were not mentally capable, if they were drunk or drugged, in cases of mistaken identity, if there was force or duress, if there
was fraud)
In seeking to exert influence, an OPA advocate/guardian may make contact with a marriage celebrant in
advance of the marriage to discuss concerns they may have about the forthcoming marriage. It is noted
that a marriage celebrant is not required to lodge notice of an Intention to Marry until after the marriage
has taken place and the necessary forms must then be forwarded to the Attorney-Generals Department. It
is also possible for a person who is refused by one celebrant to simply find another who is willing to
perform the ceremony. Even where there is genuine concern that a person may be under duress to marry
or lack capacity to legally consent to marriage, there is no way of finding out whether the couple has
made arrangements to marry or the name of the celebrant. Changes to the Marriage Celebrants program in
2003, following a review and submission by OPA, have not addressed this issue.

Some examples of circumstances where OPA may seek to influence whether a person with a disability
• Where the person's disability results in them being highly susceptible to influence and eager to please
   and co-operate with a person who has strong and definite opinions.
• Where a third party or parties are trying to prevent the marriage for their own purposes, for example
   in order to prevent a parent from making provision in their will for a new spouse.
• Where a third party is favouring the marriage and will receive a benefit if the marriage goes ahead.
• Where OPA considers that the consent is not real and there is not a genuine understanding of the
   nature of the contract. In these circumstances OPA would attempt to have an assessment undertaken
   to provide further information.
• Where a person with a disability is proposing to marry a person who is seeking residency in Australia
   from another country, OPA may act as an advocate for the person with a disability (a marriage
   undertaken for immigration purposes only may be annulled).
• Where the relationship is thought to be exploitative and abusive of the person with a disability or
   where there is a very significant imbalance of power between the two parties to the marriage.

Divorce is different from marriage in two important ways. First, it does not require the consent of both
parties to dissolve a marriage. Second, a legally appointed substitute decision-maker6 may lodge an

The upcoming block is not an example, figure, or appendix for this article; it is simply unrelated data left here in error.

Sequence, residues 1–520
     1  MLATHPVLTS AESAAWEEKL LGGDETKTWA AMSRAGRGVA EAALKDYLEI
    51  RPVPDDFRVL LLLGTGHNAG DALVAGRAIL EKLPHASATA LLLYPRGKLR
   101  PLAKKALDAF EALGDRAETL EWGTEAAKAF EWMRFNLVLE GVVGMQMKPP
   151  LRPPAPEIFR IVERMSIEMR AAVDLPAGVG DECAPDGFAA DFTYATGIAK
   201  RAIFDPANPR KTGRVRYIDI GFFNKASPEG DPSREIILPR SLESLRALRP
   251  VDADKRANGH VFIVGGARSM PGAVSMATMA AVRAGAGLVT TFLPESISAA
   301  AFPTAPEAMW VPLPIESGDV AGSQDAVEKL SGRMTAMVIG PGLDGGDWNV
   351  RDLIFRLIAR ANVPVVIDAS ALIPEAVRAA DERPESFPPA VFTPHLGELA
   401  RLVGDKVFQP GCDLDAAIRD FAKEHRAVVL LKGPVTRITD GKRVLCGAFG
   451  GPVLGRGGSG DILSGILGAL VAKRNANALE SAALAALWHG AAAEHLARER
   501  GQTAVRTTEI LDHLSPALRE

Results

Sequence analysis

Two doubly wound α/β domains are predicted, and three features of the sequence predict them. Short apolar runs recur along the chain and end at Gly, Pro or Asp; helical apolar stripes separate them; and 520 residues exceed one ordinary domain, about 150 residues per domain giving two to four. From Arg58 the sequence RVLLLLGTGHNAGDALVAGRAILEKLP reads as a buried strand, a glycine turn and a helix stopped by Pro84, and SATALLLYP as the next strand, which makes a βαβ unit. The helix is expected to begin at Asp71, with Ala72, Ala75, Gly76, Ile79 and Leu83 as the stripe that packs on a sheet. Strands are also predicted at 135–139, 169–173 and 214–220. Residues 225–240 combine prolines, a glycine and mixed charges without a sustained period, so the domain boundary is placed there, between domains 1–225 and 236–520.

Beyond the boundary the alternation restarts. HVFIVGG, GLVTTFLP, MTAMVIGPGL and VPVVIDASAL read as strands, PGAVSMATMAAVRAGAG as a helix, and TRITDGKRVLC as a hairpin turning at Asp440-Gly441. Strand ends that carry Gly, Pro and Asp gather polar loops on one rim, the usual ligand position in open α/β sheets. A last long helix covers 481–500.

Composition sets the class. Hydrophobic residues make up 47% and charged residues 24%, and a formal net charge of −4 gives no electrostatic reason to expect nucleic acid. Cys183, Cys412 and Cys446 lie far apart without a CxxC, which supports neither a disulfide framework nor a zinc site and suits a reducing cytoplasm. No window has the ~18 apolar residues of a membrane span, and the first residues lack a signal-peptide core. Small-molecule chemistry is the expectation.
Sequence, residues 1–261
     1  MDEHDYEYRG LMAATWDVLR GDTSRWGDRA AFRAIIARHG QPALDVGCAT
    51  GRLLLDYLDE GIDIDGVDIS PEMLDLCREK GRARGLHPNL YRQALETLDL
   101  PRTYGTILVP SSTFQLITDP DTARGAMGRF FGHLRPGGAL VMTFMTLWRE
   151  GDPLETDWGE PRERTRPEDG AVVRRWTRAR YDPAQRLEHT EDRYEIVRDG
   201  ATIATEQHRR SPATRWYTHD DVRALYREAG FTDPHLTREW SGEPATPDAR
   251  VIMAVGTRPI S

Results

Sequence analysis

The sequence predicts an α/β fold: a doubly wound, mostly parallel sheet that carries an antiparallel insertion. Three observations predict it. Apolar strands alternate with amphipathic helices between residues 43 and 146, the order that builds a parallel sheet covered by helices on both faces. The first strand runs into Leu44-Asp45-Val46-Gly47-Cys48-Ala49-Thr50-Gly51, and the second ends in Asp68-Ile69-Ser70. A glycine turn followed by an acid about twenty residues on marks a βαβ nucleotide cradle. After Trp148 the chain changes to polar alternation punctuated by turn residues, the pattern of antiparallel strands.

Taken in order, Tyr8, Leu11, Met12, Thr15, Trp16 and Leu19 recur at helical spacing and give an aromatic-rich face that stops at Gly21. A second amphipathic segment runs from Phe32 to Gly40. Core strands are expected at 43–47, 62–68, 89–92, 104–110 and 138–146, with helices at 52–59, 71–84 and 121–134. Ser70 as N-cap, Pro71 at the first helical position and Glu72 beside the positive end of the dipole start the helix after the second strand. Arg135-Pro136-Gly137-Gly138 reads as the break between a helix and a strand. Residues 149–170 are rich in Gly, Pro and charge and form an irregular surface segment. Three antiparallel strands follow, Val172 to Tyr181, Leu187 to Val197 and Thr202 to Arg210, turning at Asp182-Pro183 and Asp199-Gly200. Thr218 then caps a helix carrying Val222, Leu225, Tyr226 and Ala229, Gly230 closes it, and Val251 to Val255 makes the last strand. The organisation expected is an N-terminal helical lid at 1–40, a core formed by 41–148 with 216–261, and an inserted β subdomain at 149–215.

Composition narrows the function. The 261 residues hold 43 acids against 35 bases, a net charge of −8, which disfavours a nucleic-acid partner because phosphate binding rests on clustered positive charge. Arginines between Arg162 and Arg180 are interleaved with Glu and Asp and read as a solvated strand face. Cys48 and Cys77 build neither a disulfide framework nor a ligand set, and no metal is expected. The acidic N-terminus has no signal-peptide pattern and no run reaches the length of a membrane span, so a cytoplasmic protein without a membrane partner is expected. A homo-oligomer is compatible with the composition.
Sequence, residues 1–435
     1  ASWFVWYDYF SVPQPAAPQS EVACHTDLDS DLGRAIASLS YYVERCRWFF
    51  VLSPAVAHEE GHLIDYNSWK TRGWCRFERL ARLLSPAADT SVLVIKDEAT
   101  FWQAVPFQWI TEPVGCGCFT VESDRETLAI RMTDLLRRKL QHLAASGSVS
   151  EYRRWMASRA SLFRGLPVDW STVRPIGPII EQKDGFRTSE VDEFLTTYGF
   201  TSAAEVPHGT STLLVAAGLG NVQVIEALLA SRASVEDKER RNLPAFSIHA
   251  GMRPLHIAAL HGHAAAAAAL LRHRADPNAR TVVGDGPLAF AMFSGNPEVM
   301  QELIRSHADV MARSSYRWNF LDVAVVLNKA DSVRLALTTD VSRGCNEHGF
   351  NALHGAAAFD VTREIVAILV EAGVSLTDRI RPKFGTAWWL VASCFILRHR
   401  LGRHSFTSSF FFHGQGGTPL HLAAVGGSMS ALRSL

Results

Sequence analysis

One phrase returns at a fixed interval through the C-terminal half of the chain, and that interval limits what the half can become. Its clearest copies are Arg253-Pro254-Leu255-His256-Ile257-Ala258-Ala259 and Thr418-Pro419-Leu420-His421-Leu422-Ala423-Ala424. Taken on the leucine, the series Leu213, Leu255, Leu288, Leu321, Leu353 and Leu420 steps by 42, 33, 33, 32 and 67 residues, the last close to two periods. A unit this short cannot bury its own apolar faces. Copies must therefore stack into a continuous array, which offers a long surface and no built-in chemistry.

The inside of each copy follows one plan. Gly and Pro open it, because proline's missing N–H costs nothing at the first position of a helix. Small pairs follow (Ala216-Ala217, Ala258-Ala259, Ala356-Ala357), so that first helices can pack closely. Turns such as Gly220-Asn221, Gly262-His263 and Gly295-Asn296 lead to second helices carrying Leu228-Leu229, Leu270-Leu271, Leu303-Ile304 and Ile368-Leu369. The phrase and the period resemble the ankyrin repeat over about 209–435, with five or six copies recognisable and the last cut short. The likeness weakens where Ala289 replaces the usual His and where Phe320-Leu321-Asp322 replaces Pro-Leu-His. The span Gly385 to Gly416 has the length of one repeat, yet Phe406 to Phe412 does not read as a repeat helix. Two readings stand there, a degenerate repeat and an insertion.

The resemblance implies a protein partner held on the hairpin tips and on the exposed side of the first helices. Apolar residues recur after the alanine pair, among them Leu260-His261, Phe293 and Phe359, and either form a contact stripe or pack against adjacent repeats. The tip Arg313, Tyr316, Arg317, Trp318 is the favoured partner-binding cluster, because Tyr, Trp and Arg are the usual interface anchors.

application for divorce on behalf of another person.

There may be a role for both a guardian and an administrator in making decisions about divorce on behalf
of a Represented Person. A guardian could be involved in making a decision about whether it is in the
best interests of a represented person to initiate divorce proceedings. This would be considered on a case
by case basis but a guardian would place great significance on the person's views and actions before s/he
lost capacity. As a general rule, a guardian would not make a decision that divorce proceedings should be
initiated if the Represented Person was stating that s/he did not wish to do so. In situations where a wish
to obtain a divorce seems to be driven by the person's disability, for example a delusional belief about
their partner, a guardian would be very cautious about supporting this decision.

The role of the administrator deals with the legal proceedings involved in being either an applicant or a
respondent in a divorce action. State Trustees provide some general guidelines in respect of divorce
proceedings and these are broadly applicable to all administrators. These guidelines state:

•     It is outside the scope of an administrator’s role to determine if a divorce is in the client’s best
•     If there are no assets, or a claim to assets, the administrator has a role in ensuring the assets are dealt
      with fairly. This may involve referral to a solicitor and the provision of instructions to the solicitor
      prior to approving final settlement of the client’s claim.

    A Case Guardian is appointed under Part 6.3 of the Family Law Rules 2004.
As noted, a Case Guardian may be appointed in these circumstances. The need for this is determined by
the Family Court on a case by case basis and is not mandatory.

Sometimes it may be in a person's financial interests to obtain a divorce but their personal views are
unclear. In these circumstances a property settlement rather than a divorce could be considered.

Because questions about marriage and divorce are highly personal, the focus of any involvement by OPA
staff in these matters needs to be particularly sensitive. The role will generally be that of acting as an
advocate to promote the person's autonomy or to attempt to limit exploitation and abuse. OPA staff may
also provide advice when capacity is under question or provide general information about the law on
marriage as it relates to people with a disability. Staff should be careful, however, to refer people to a
lawyer for specific legal advice on marriage and divorce.
Office of the Public Advocate
Level 5, 436 Lonsdale Street, Melbourne, Victoria 3000
PO Box 13175 Law Courts, Victoria 8010. DX 210293
Tel: 1300 309 337 Fax: 1300 787 510

To top